personal support networks. Wide professional networks have long been advocated as a means of professional development and career progression. Resilience involves developing a network of support for all areas of work and home life. This may include practical help, advice, perspective, emotional support and debrieﬁng. The more extensive the network
of support, the more this assists in staying resilient at work. Ideally, employees invest in each of the seven factors, although limitations in one area can compensate for others.
As an example, in times of lack of support or when working in an environment inconsistent with personal values, additional stress management and perspective techniques may be needed.
The seven RAW Scale factors are mapped against four areas requiring personal
investment: physical health, stress management, adaptability to change or set-back and personal pro-activity
(Table 1). All factors interrelate and are of equal importance in overall resilience. Resilient workers invest in maintaining a healthy exercise and diet regime and ensure that they have the physical capacity to fulﬁl job needs. They also engage in effective self-care and stress management techniques and employ mechanisms to manage everyday work and home stressors.
Whereas good health and self-care are fundamental to keeping on top of day-to-day pressures, resilience also involves adapting to unexpected changes and setbacks.
Resilient people respond in a way that focuses on growth and solutions rather than non-coping. They are able to move on from negative events. This component is largely cognitive reframing as it is about the way in which a person interprets and makes sense of life events.
Finally resilience, as discussed here, comprises a proactive element of appreciating that there will be future challenges to prepare for. This demands an understanding of personal values, strengths and knowing how to best position oneself to maximise personal performance and well-being at work. It also comprises seeking work that offers meaning and purpose. A whole of-life approach is advocated, with the strategies applied to both work and personal lives in recognition of their interconnected impact on psychological and physical well-being. It is also important to recognise that a team of resilient geoscientists will not create a resilient team as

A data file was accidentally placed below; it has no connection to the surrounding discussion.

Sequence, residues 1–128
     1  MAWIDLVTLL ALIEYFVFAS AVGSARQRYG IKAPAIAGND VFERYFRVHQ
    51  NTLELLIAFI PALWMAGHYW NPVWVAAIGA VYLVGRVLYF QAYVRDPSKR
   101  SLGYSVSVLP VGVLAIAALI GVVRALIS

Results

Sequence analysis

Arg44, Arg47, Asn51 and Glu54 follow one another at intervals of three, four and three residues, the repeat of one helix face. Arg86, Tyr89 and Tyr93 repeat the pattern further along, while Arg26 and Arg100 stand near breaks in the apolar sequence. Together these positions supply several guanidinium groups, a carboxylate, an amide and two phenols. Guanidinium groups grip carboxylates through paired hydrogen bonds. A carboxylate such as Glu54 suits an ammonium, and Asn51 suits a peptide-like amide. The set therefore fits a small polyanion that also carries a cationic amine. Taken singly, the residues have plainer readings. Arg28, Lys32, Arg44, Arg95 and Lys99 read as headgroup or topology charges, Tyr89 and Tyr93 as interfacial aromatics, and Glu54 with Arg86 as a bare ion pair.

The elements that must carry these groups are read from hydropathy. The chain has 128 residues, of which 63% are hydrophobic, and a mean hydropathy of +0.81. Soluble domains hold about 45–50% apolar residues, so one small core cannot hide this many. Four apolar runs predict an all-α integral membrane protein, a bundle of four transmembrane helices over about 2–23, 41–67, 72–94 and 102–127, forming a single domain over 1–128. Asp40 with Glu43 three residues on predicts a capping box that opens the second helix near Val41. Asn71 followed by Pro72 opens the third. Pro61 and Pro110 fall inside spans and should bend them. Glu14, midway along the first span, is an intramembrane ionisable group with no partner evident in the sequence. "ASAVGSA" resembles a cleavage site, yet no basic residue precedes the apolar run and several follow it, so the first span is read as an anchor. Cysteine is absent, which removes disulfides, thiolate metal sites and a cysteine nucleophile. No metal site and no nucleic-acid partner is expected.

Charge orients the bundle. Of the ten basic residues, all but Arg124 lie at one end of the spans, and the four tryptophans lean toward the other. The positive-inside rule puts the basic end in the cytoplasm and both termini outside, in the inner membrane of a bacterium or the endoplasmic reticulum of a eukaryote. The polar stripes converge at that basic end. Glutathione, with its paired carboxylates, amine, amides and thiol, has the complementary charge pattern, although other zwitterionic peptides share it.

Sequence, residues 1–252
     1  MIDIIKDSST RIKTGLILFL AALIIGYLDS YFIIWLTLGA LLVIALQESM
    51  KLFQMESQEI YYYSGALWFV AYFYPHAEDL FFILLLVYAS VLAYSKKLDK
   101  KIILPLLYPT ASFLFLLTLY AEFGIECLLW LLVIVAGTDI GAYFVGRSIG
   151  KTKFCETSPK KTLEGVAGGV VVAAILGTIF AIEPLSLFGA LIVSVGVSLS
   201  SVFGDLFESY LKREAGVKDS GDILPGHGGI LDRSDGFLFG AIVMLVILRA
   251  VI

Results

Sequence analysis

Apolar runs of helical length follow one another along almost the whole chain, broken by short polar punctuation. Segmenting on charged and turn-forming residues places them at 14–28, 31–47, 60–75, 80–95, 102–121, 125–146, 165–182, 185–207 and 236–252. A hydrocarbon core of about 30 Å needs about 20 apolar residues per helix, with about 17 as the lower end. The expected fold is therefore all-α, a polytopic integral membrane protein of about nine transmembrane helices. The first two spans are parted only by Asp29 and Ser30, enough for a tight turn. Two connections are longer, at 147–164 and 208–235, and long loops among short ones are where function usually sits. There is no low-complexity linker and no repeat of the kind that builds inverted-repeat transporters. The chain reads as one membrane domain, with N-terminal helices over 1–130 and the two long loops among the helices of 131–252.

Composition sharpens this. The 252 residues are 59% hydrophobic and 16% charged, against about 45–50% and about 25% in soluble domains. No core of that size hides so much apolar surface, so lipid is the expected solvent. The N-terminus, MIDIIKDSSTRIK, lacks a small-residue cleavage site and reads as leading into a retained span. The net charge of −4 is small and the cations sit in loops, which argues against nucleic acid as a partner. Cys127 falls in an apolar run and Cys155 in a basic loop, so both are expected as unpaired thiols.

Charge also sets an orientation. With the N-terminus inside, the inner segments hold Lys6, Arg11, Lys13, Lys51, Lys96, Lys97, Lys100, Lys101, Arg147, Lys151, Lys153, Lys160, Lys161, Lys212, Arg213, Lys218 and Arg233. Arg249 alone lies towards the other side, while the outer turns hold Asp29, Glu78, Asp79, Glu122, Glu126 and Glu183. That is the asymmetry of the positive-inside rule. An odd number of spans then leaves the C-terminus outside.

this requires additional elements such as mutual support, effective team processes, shared goals and values as well as the capability and talent to perform the work to be done. Whereas the focus of this article is on individual resilience, some strategies for team application are also listed.
Physical health Staying healthy Having the physical endurance and energy to complete the tasks demanded in the role Capacity to manage everyday stressors Managing stress Having sound self-care and time management techniques to bestdeal with workload and daily pressures
Building networks Maintaining work and non-work relationships and networks that provide
emotional, practical and professional support Developing effective emotional
regulation and maintaining positive mood
Adaptability in response to set-back and change
Maintaining perspective Adopting thinking styles and strategies that assist to minimise the impact of negative events and provide perspective rather than over-reaction or self-defeating thoughts
Interacting co-operatively Having an optimistic outlook and a solution-focus. Looking for opportunity in adversity Seeking feedback, support and advice Personal pro-activity Living authentically Understanding personal strengths and values and positioning work to use and
capitalise on these Finding your calling Having a sense of higher purpose and
meaning in the work